Falling battery costs to lead to surge in renewables

Falling battery costs are expected to lead to a surge in investment in renewables according to a new report.

A total of $11.5 trillion (£8.7tn) is forecast to be invested in generating power between now and 2050, with $9.9tn of that pumped into zero-carbon options, according to data from Bloomberg New Energy Finance (BNEF).

It predicts $8.4tn will be invested in wind and solar, with a further $1.5bn spent on hydro and nuclear.

Seb Henbest, Head of Europe, Middle East & Africa at BNEF, said: “The arrival of cheap battery storage will mean that it becomes increasingly possible to finesse the delivery of electricity from wind and solar, so that these technologies can help meet demand even when the wind isn’t blowing and the sun isn’t shining.

“The result will be renewables eating up more and more of the existing market for coal, gas and nuclear.”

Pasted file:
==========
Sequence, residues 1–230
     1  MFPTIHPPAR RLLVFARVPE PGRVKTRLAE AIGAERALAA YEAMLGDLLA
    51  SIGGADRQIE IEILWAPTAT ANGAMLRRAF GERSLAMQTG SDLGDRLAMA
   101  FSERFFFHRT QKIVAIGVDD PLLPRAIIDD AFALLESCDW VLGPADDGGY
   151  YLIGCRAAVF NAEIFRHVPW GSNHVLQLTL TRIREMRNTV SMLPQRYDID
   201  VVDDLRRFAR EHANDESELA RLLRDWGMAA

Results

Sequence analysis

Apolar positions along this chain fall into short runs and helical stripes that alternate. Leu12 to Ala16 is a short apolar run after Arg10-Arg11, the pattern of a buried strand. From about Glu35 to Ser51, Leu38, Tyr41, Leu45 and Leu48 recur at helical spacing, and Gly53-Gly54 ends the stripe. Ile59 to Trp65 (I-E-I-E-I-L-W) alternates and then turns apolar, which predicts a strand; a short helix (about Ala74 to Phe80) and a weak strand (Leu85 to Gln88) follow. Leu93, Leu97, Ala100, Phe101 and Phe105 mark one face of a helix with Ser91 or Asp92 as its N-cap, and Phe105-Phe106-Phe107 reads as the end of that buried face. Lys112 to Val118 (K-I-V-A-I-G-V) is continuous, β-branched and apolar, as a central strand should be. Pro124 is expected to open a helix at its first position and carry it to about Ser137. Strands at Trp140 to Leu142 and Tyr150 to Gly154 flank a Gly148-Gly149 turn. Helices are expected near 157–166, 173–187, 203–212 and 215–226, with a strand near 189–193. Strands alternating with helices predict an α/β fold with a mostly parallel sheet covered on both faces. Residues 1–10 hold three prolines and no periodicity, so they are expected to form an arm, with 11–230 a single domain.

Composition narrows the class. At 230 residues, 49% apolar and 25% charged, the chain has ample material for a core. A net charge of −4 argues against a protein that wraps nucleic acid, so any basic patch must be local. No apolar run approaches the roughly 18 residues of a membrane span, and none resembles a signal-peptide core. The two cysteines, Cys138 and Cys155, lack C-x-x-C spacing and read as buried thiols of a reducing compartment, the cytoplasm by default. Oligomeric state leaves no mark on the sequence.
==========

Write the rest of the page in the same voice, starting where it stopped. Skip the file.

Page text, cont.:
‘50 by 50’

BNEF’s report calculates that $548 billion will be spent on batteries by 2050, with two-thirds coming at grid level and the rest “behind the meter” in homes and businesses.

The paper said that cheap renewable energy and batteries will “fundamentally reshape the electricity system, as we shift from two-thirds fossil fuels in 2017, to two-thirds renewable energy in 2050”.

Bloomberg expects wind and solar will together account for just under 50% of electricity generation by 2050 – the so-called “50 by 50” point – with nuclear, hydro and other low-carbon sources taking the total up to 71%.

The remaining 29% will come from fossil fuels, down from 63% today.

Electric vehicles boost demand

Coal is forecast to be the biggest loser, with its global share dropping from 38% at present to just 11%.

The cost of solar is forecast to fall by 71% by 2050, with wind down 58% over the same period.

Electric vehicles will add a further 3.5PWh of demand by 2050, equating to 9% of the global total.

> Download BNEF's report